Another instance. Cops and guards suddenly turn up at a local high school, lock the gates and bar anyone from entering. Turns out a developer had bought the land from the local government but no one had told the school or the local educational authorities. A bun fight ensues and it’s only when the governor realises that the education department won’t back down that they back down, unlock the gates and give a few months grace to the school. The newspapers report that the developer had swapped some land of his on the outskirts of Jakarta for the prime school land, and the governor’s hands were tied. So what they do is stall...saying that soon the school will be shifted to another location, amalgamating it with another school. Never mind that the school is a few kms away, causing hardship all around. Newspapers show the students marching triumphantly in, and all is forgiven for the moment.

It can be a pretty bleak picture of the life here for the poor. They come from far and wide hoping to make their fortunes or, at the very least, earn enough to send home back to the villages in far fling places of the archipelago. Most end up on the scrap heap, the very bottom of the rungs of humanity. Near Mangga Dua, we are caught in a jam, and pass slowly by a young fellow in dirty torn shorts and filthy t-shirt, legs and feet black with ingrained grime. He is obviously exhausted, head down on crossed arms, trying to get a few moments sleep in a quiet corner of a parking lot. Nearby sits a large wagon, two long wooden spokes running out from the front. One can imagine harnessing a bull or horse to such spokes, but instead they are pulled by the young chap. He tugs, pulls, and cajoles this cumbersome wagon through the streets picking up garbage. I have no idea where he goes or what he is paid. All I can do is glance at him and thank the gods that I am not he.

His face as he suddenly lifts up and looks at me is devoid of expression, but he is probably in his early twenties. This is the sort of job he as a young boy aspired to? This is the sort of life he envisioned for himself? This is the work that his mother dreamt of as she carried him in her selendang* and crooned lullabies? And to think there are thousands, millions, just like him in this country that is overflowing in a wealth of natural resources.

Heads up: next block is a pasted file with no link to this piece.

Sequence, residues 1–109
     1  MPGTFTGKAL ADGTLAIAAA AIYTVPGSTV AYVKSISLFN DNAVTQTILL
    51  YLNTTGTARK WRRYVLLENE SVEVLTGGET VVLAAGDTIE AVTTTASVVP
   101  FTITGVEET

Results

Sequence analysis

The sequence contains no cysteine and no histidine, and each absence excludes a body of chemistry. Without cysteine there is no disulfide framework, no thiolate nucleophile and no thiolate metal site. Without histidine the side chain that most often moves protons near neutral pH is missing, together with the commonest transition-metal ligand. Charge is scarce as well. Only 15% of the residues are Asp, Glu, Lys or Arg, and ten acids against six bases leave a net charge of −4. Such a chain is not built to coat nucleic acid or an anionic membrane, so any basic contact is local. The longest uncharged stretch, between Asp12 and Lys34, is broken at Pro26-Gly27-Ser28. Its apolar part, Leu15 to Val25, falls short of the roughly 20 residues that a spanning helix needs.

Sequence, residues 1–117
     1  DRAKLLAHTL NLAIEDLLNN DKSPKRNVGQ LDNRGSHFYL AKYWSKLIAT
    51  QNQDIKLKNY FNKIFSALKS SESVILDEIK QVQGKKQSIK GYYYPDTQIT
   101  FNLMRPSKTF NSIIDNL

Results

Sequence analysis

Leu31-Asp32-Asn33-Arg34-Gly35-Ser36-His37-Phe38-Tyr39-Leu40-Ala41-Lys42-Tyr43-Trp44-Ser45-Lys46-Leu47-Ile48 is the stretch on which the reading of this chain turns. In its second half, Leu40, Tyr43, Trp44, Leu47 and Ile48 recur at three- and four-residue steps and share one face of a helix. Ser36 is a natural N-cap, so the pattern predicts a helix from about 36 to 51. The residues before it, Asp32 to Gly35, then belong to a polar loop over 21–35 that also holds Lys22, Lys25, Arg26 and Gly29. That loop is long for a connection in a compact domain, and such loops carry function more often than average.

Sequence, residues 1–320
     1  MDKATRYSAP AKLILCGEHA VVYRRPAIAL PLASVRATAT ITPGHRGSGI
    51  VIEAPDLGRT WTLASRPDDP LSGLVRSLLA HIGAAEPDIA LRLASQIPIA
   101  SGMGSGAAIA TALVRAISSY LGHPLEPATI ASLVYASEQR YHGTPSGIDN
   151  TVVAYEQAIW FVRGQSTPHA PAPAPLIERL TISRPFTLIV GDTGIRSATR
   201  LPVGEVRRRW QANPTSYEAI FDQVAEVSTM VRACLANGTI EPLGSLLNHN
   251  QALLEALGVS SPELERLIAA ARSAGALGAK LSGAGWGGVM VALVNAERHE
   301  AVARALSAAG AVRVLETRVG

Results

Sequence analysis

The sad stories of the poor could furnish a whole series of books, not just a page here. I won’t even try. Suffice to say that there are times when we as westerners, living in our comfortable houses in our clean streets in our well run cities, should step back and realise that we are extraordinarily lucky. By some stroke of fate, geography and racial persuasion, there is little to compare our lives with the lives of those who live in the streets of Jakarta.

(*sarong worn over the shoulder to hold a baby)


Wednesday, May 05, 2004

A True Traffic Fact on Jakarta

Jakarta only has 7,500 km of road and must accommodate 4.7 million vehicles. If average vehicle is 3m, and 50% of all vehicles are on the road, it would be bumper to bumper traffic.

Now I know why I was stuck in that jam for two hours last week...

Jakarta enforces seat belt law, 12 years after it was passed (AFP): Twelve years after a law was passed forcing drivers to wear seat belts, police in the Indonesian capital Jakarta on Wednesday began enforcing it. "We are, starting today, enforcing the law that requires drivers and front-seat passengers to wear seat belts," said a national police spokesman, Zainuri Lubis. Jakarta drivers who refuse to belt up could face a fine of up to one million rupiah (115 dollars) or up to a month in jail. Several other Indonesian cities will soon follow suit. Others, such as the second largest city of Surabaya in East Java, have already enforced the law. The government in 1998 announced plans to enforce the 1992 law but drivers complained they could not afford to fit belts amid an economic crisis. Despite Wednesday's belated crackdown, owners of cars without seat belts have been given until November 2005 to install them.

The common thinking here is that cops are after their annual payrise and the government can't afford it,....thus they will have to collect it themselves